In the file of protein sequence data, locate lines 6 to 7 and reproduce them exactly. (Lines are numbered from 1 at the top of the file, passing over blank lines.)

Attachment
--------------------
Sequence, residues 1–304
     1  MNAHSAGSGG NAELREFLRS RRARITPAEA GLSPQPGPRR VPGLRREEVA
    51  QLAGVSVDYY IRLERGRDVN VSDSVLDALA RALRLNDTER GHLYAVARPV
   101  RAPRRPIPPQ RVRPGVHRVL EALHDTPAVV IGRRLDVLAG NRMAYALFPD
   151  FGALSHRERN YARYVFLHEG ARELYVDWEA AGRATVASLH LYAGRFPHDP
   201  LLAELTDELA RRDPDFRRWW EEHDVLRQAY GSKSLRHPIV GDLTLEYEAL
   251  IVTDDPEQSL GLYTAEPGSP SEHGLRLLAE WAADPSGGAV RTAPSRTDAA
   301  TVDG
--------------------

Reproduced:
   201  LLAELTDELA RRDPDFRRWW EEHDVLRQAY GSKSLRHPIV GDLTLEYEAL
   251  IVTDDPEQSL GLYTAEPGSP SEHGLRLLAE WAADPSGGAV RTAPSRTDAA